All Music Considered: Video game tunes
SCOTT DETROW, HOST:
As we wind down 2023, we are bringing some of the directors of ALL THINGS CONSIDERED to this side of the microphone to talk about the music that they listened to the most this year. Today I'm joined by Vincent Acovino to talk about the music he listened to this year. Hey there.
VINCENT ACOVINO, BYLINE: Hey, Scott.
DETROW: In each of these conversations, there's been a theme to it. I'm going to guess that perhaps your theme is videogame related.
ACOVINO: You'd be right. You'd be right.
DETROW: It is a passion topic for you. You and I worked together on one of my favorite stories of the year, looking back at the legacy of Mortal Kombat.
(SOUNDBITE OF THE IMMORTALS' "TECHNO SYNDROME (MORTAL KOMBAT)")
ACOVINO: It never gets old.
DETROW: No. And other than that, which I assume was probably your top song on Spotify this year, what else did you listen to?
ACOVINO: Older video game music especially isn't preserved very well, so you can often only hear it on YouTube, and fans get a little wild with how they assemble the music there. They do compilations of all different genres, vibes and time periods. For example, one playlist I was listening to this morning was called Funky Nintendo Video Game Music To Fill Your Big, Dumb, Empty Head.
(SOUNDBITE OF MUSIC)
DETROW: Other than the kind of mean framing at the end, that sounds appealing.
ACOVINO: Yeah. So the thing about a lot of video game music, it is meant to be highly replayable. So especially back in the day, you know, you can only fit so much audio on a cartridge. So the song would loop over and over again. So for that reason, the songs had to really hook your ear and had to be really good. So that's how you get something like the classic Super Mario Bros. theme.
(SOUNDBITE OF VG COVER JUNKIES' "SUPER MARIO BROS. (ORIGINAL THEME SONG)")
DETROW: Which is so memorable that I could hum the entire thing at any moment's notice at any point, you know.
ACOVINO: Yes, (humming Super Mario Bros. theme).
DETROW: (Humming Super Mario Bros. theme).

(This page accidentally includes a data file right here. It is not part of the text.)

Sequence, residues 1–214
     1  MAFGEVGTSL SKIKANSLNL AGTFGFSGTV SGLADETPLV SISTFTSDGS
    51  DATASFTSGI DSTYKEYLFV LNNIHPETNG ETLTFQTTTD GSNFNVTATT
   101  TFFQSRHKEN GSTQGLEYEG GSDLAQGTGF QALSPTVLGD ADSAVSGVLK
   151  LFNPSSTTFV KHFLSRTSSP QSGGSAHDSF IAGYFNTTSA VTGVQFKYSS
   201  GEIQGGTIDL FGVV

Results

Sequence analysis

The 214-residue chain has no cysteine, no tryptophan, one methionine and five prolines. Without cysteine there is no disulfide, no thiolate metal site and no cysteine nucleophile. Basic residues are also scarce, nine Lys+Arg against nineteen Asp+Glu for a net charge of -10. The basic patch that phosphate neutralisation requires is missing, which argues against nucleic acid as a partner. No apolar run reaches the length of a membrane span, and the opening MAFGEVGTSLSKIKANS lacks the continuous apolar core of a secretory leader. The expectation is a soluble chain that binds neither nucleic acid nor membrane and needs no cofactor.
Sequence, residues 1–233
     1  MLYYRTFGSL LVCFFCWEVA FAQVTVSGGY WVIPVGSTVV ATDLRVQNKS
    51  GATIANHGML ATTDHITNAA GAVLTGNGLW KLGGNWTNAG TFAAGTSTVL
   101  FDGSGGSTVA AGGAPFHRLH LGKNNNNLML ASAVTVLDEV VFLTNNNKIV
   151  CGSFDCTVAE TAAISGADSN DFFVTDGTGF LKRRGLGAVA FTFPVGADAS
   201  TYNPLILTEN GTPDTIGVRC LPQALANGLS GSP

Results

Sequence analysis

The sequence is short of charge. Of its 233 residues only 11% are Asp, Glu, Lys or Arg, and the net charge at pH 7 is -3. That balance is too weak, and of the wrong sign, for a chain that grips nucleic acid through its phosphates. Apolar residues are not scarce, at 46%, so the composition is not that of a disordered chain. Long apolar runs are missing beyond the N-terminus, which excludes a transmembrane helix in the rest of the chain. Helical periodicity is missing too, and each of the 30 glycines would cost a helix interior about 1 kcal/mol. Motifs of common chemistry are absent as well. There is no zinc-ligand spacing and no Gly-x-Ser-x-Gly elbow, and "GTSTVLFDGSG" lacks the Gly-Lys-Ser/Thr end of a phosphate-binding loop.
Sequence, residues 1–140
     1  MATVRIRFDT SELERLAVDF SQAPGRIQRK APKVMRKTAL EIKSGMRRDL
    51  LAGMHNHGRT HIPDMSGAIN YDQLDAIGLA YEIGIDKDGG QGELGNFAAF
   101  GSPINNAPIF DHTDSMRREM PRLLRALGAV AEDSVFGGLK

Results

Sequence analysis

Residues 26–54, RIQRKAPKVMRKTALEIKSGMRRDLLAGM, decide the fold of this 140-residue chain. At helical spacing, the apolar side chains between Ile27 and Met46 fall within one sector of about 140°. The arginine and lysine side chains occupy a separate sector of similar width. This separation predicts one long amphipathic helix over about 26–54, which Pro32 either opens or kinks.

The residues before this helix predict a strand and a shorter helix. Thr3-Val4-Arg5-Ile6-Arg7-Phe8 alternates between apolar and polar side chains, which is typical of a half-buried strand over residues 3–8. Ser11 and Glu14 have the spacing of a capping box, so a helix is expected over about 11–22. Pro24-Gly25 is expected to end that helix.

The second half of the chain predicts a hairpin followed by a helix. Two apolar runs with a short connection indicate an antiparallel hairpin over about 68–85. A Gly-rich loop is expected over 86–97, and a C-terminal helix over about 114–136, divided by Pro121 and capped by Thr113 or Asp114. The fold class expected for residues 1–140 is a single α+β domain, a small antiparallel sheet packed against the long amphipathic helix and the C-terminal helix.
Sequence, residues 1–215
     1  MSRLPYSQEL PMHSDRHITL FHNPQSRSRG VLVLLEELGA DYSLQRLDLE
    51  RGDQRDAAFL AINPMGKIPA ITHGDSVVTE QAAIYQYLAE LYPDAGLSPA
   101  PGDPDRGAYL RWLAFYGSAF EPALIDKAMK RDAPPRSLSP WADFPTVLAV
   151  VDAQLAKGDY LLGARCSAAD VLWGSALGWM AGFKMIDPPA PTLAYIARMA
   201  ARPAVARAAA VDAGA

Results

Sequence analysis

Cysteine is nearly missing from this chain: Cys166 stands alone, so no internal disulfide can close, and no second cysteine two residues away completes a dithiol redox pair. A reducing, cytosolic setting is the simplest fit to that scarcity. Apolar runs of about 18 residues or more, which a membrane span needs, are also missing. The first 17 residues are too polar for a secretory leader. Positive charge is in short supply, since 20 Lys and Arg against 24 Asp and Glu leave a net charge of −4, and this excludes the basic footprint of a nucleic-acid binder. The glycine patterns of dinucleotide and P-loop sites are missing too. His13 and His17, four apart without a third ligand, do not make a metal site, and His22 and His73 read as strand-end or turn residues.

ACOVINO: I'll share another one of these earworms. It's from my favorite video game ever, which is The Legend Of Zelda: Ocarina Of Time, and it's actually composed by Koji Kondo, who also did the Super Mario theme that we just heard. And it's a sweet, sort of melancholic song. And it plays right after the player has traversed into the future and found that the world has been cast into disarray. It's called "Sheik's Theme."
DETROW: What's another song from this year?
ACOVINO: So another thing I listened to a lot this year was music from the Resident Evil series, which is a horror video game franchise. You're being relentlessly hunted by zombies and other enemies, but one of the tropes from the series is that the room where you save your progress is a kind of safe space, and the music often reflects that.
(SOUNDBITE OF MUSIC)
DETROW: What's one more song to send us out on?
ACOVINO: So I love when music in a video game surprises you. And so I want to share something from Super Mario Galaxy. This is a game about an Italian plumber jumping on the heads of flying turtles, right? And yet this is a composition in the game.
(SOUNDBITE OF KOJI KONDO'S "ROSETTA'S COMET OBSERVATORY 3")
DETROW: What's high brow? That's...
ACOVINO: It's high brow. It almost sounds like a classical composition.
ACOVINO: I don't think you would be able to identify this is from Mario if I just told you to guess.
DETROW: No, I would not.
ACOVINO: So I think part of what's cool also about this song is that as you play the game, this theme re-emerges and evolves and changes, and new instruments are added each time. And so I think that kind of shows you the sort of special relationship that sometimes we can have with video game music. It's something unique to the medium. It's this sort of relationship between music, game and player that is all a part of what makes listening to video game music a special experience.
DETROW: That's Vincent Acovino taking us through a journey of his favorite video game music on YouTube. Vincent, I learned a lot from this. Thank you.
ACOVINO: Thank you. Thank you. Transcript provided by NPR, Copyright NPR.
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